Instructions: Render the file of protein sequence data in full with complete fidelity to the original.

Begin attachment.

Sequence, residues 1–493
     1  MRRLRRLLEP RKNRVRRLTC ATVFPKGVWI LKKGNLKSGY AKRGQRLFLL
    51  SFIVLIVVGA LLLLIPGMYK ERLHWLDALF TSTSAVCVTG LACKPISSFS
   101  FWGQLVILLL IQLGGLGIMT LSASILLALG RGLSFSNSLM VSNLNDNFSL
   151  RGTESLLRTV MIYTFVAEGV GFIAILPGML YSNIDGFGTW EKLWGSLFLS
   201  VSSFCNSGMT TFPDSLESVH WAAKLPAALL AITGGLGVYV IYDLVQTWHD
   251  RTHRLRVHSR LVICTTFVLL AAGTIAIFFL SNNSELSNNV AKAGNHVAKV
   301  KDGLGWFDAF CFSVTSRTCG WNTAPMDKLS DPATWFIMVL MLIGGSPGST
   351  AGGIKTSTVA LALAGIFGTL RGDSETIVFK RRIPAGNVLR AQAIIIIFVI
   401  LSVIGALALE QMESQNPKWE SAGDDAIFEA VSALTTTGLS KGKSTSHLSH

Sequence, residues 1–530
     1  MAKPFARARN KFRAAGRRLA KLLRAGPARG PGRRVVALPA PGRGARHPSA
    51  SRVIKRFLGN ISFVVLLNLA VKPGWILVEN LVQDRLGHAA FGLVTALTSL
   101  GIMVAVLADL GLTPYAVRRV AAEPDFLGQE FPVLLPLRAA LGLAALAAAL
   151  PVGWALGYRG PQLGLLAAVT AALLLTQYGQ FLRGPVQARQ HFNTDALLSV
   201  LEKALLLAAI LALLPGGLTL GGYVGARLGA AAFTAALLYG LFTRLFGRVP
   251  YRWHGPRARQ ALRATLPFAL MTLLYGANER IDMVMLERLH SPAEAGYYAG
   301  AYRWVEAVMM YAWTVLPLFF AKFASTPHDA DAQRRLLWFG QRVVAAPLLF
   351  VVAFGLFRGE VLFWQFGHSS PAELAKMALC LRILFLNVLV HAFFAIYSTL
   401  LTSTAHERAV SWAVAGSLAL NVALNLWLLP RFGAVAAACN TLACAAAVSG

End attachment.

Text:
Sequence, residues 1–493
     1  MRRLRRLLEP RKNRVRRLTC ATVFPKGVWI LKKGNLKSGY AKRGQRLFLL
    51  SFIVLIVVGA LLLLIPGMYK ERLHWLDALF TSTSAVCVTG LACKPISSFS
   101  FWGQLVILLL IQLGGLGIMT LSASILLALG RGLSFSNSLM VSNLNDNFSL
   151  RGTESLLRTV MIYTFVAEGV GFIAILPGML YSNIDGFGTW EKLWGSLFLS
   201  VSSFCNSGMT TFPDSLESVH WAAKLPAALL AITGGLGVYV IYDLVQTWHD
   251  RTHRLRVHSR LVICTTFVLL AAGTIAIFFL SNNSELSNNV AKAGNHVAKV
   301  KDGLGWFDAF CFSVTSRTCG WNTAPMDKLS DPATWFIMVL MLIGGSPGST
   351  AGGIKTSTVA LALAGIFGTL RGDSETIVFK RRIPAGNVLR AQAIIIIFVI
   401  LSVIGALALE QMESQNPKWE SAGDDAIFEA VSALTTTGLS KGKSTSHLSH

Sequence, residues 1–530
     1  MAKPFARARN KFRAAGRRLA KLLRAGPARG PGRRVVALPA PGRGARHPSA
    51  SRVIKRFLGN ISFVVLLNLA VKPGWILVEN LVQDRLGHAA FGLVTALTSL
   101  GIMVAVLADL GLTPYAVRRV AAEPDFLGQE FPVLLPLRAA LGLAALAAAL
   151  PVGWALGYRG PQLGLLAAVT AALLLTQYGQ FLRGPVQARQ HFNTDALLSV
   201  LEKALLLAAI LALLPGGLTL GGYVGARLGA AAFTAALLYG LFTRLFGRVP
   251  YRWHGPRARQ ALRATLPFAL MTLLYGANER IDMVMLERLH SPAEAGYYAG
   301  AYRWVEAVMM YAWTVLPLFF AKFASTPHDA DAQRRLLWFG QRVVAAPLLF
   351  VVAFGLFRGE VLFWQFGHSS PAELAKMALC LRILFLNVLV HAFFAIYSTL
   401  LTSTAHERAV SWAVAGSLAL NVALNLWLLP RFGAVAAACN TLACAAAVSG